Faith Goldy

Faith Goldy

December 29, 2014

Religious issues are central to our times, especially in a world that is increasingly "faithphobic," says Catholic journalist Faith Goldy.

Goldy, a Sun TV news reporter, delivered the keynote address to the Catholic Civil Rights League's annual general meeting in Toronto on Dec. 9.

She focused on three main issues: Ontario's sex education curriculum for school children, Liberal leader Justin Trudeau's pro-choice party mandate on abortion and the possibility of legal euthanasia in Canada.

In 2015, Premier Kathleen Wynne and Education Minister Liz Sandals plan to re-introduce changes in Ontario's sex education curriculum for elementary and high school students.

Goldy questioned the development of their plan, specifically how similar it will be to the 2010 plan introduced by former Premier Dalton McGuinty, which was pulled because of public outcry.


That curriculum, Goldy said, would have taught age-inappropriate "graphic lessons," among other key changes in the curriculum that upset the secular and faith communities.

Goldy said parental consultation on the new curriculum is insufficient, with input being sought from one parent from each school across the province.

"The so-called parental consultation that informs the current policy does not, in fact, consult all parents. Instead, delegates from various schools claim to speak on behalf of tens of thousands of parents who are otherwise absent."

But "of greatest concern to me: the involvement of an alleged child pornographer in the formation of the curriculum in question," she said.

Goldy referred to Benjamin Levin, 61, a professor at the University of Toronto's Ontario Institute for Studies in Education, who has been charged with seven counts of child exploitation, including making and distributing child pornography. He was a key member of the team that helped develop the curriculum that was pulled.

"Folks in the media . . . wholly dismiss my pursuit of this story, saying Levin . . . is inconsequential to a story involving hyper-sexualized material taught to kids."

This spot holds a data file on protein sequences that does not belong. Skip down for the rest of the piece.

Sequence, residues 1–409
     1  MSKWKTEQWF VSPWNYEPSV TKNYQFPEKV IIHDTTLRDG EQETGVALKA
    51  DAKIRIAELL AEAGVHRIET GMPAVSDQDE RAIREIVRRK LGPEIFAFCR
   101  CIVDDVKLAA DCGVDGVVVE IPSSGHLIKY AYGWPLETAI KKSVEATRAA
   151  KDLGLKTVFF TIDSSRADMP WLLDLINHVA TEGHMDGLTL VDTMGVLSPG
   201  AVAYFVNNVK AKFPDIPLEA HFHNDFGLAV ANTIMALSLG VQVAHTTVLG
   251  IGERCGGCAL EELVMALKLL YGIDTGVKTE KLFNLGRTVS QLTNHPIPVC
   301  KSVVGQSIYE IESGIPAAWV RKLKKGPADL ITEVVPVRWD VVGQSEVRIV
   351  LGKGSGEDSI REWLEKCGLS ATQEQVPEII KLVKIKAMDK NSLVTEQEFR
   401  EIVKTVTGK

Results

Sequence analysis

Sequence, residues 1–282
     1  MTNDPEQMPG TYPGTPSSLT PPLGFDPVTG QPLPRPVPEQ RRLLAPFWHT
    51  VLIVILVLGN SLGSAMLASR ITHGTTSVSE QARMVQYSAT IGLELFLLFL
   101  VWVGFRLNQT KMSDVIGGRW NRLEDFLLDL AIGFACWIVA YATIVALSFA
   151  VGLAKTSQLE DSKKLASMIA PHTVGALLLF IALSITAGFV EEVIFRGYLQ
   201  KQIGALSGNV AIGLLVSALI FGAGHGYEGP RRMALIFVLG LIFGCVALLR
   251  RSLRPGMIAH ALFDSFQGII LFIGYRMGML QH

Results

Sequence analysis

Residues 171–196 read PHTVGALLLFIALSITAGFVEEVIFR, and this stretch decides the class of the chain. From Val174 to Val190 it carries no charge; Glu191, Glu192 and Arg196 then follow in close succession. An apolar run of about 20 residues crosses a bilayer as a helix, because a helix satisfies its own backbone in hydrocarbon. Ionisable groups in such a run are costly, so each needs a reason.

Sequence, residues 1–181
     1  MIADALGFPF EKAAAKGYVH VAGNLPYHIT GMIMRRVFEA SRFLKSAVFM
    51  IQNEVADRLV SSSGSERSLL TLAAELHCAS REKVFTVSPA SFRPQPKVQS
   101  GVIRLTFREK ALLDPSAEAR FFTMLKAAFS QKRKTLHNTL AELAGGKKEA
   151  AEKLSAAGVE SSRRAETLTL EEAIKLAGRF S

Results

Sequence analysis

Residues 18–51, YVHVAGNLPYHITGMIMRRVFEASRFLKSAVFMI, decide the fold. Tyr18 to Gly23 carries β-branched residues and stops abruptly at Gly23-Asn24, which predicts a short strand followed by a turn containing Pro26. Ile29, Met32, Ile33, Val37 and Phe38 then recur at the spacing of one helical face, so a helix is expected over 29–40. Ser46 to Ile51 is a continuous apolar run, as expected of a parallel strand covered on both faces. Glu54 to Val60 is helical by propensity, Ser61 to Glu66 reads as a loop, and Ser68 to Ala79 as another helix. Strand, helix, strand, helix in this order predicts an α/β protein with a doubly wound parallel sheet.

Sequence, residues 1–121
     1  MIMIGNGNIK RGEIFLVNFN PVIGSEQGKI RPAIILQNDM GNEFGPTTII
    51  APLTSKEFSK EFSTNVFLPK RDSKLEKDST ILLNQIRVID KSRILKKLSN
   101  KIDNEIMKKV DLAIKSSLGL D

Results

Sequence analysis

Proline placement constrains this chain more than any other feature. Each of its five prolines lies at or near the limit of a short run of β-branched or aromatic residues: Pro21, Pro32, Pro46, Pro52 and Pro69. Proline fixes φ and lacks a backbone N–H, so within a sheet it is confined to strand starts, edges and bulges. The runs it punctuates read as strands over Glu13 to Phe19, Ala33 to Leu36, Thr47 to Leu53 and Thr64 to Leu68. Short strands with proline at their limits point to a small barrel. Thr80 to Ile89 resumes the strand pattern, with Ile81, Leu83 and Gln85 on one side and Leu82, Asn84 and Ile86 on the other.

Goldy is known for calling out politicians. Earlier this year, she called for Trudeau to be excommunicated for making his party tow the line on his pro-choice mandate on abortion.

"On the topic of fundamental women's rights, Trudeau voted against the bill aimed to protect women from coercion to abort," said Goldy.


"In 2012, [Trudeau] voted against MP Stephen Woodworth's motion to study, just study, whether a child in the womb can be considered a human being based on developments in medical science over the past 400 years, the time from whence our definition of life originates."

Goldy laid out her argument against support of euthanasia or assisted suicide under the name of "medical aid in dying" supported by findings from the Canadian Medical Journal on Belgium's model of euthanasia.

Euthanasia in Canada is being modelled after Belgium's system, said Goldy, which means it will also follow in Belgium's failures, including deaths without patient consent.


"In Quebec's case, the mainstream media might do well to include the glaring fact that the legal framework . . . is almost lifted entirely from Belgium. And in time, the case, like all the other so-called 'safeguards' and 'strict guidelines' proved to be worthless," said Goldy.

"According to the Canadian Medical Journal . . . the 10-year-old Belgian model is already shown to be failed and dangerous."

Despite what the mainstream media portrays, she says, the CMA (Canadian Medical Association) is against euthanasia with the association voting this past summer to oppose assisted suicide.

"Should euthanasia come to our shores and within our borders, euthanasia on demand will be the next logical step, seen as a right of the individual, demanded from our medical professionals. And our doctors know that."


"Ergo, why Dr. John Haggie, former president of the CMA, told the media 'requests for euthanasia usually reflect a failure to access adequate palliative care,'" she said.

Goldy left the Catholic Civil Rights League with one main thought: "We all have different vocations in life and accordingly, live out our salvific paths individually within the Body of Christ.

"But one thing is for certain, in the public sphere, especially here in the West, we need more unabashed Christian voices."